We announced ours with a company-wide goal of 100 customer interaction reports in a year (which we quickly surpassed). Having a goal that all the departments and managers felt accountable for really helped push employees to get out of their comfort zones and conduct some interviews.

One person talking to another.

Also, make sure to partner with your internal communications team to periodically remind employees about customer interactions in company emails and during employee-wide meetings. You never know when your team is paying attention, so the more places you find to talk about CIRs, the higher the chances they become aware of it and decide to get involved.

Step 6: Measure the impact your CIRs have over time

You can use the number of customer interaction reports people file as a directional metric for how successful your program has been, but ultimately you’ll need a better way to track your success. It’s a good idea to survey your employees to find out how CIRs are impacting their work and their perception of your organization. Our customer centricity survey can help you get started.

The survey gives you a baseline understanding of how employees feel about your customer culture, which you can use to benchmark the effect of CIRs over time. You can also tailor the survey to ask about CIRs directly.

Finally, as you begin to see the impact your program has on your employees and customers, try to sell it to leadership as being a worthy measure for meeting your organization’s overarching goals. Once leadership is bought in, you can get their support in promoting the program and even attach tangible goals to it.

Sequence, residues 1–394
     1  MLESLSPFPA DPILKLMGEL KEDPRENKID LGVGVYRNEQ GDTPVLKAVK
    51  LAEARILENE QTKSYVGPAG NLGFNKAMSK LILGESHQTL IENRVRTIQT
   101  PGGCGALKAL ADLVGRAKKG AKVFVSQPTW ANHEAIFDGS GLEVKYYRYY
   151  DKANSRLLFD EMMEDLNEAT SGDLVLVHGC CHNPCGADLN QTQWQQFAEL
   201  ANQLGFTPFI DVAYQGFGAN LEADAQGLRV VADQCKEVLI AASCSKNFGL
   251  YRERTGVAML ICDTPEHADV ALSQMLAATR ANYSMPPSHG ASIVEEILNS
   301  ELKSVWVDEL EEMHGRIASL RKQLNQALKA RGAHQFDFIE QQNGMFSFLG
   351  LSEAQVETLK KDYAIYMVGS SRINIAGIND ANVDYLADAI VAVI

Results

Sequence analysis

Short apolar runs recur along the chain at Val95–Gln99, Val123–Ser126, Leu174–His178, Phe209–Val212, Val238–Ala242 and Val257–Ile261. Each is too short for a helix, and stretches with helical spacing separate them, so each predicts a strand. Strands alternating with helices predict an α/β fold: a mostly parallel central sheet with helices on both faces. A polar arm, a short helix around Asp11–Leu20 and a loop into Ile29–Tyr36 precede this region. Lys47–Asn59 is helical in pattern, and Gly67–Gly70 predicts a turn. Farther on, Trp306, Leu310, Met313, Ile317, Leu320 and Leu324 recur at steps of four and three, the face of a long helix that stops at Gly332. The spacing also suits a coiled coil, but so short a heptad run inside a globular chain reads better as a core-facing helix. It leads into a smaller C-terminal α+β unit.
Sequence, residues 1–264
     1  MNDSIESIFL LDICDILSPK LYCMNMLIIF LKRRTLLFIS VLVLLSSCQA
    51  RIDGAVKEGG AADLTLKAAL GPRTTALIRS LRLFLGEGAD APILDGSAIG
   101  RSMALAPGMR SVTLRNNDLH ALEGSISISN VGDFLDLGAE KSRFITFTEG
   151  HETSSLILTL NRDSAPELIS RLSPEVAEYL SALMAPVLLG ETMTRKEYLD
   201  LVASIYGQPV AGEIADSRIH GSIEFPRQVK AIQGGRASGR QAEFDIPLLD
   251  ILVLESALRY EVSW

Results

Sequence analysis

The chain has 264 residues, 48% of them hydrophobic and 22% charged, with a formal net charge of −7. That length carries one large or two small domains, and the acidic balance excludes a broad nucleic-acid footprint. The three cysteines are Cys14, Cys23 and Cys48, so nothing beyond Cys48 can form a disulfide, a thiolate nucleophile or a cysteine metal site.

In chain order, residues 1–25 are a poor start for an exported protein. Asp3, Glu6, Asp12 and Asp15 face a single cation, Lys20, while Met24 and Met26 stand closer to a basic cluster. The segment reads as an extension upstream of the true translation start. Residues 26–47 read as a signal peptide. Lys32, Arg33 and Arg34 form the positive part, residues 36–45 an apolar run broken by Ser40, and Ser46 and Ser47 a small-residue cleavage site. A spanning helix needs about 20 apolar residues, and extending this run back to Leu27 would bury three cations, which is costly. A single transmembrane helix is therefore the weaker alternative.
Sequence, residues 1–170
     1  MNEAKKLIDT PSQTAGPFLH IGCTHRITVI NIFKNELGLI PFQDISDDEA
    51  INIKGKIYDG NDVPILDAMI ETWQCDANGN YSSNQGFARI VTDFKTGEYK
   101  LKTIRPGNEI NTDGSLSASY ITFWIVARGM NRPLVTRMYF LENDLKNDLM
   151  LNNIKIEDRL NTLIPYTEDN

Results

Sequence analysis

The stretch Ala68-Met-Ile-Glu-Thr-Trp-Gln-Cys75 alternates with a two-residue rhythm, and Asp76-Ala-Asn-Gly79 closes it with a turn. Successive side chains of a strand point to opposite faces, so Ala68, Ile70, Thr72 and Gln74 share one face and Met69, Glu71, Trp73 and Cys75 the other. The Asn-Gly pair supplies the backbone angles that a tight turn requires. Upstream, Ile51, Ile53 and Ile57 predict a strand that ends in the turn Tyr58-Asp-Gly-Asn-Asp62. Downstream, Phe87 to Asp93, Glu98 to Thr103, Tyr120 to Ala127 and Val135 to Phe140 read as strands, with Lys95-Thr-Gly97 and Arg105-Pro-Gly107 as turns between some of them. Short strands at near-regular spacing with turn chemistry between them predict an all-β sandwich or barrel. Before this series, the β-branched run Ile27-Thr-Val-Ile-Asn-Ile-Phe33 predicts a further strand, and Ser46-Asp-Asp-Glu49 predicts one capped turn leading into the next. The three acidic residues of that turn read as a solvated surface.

For example, after we blew our goals for the program out of the water last year, and because of the benefits leadership believes they offer, we’re focusing on a much loftier goal this year: We’re gunning for every employee to submit at least one report!

Customer interaction reports are an invaluable customer centric approach for your team—but there’s a whole lot more you can do to help employees better understand your customers.

Learn about your other options by reading about the 6 most important customer centric initiatives we’re running. They might just inspire you to go beyond CIRs.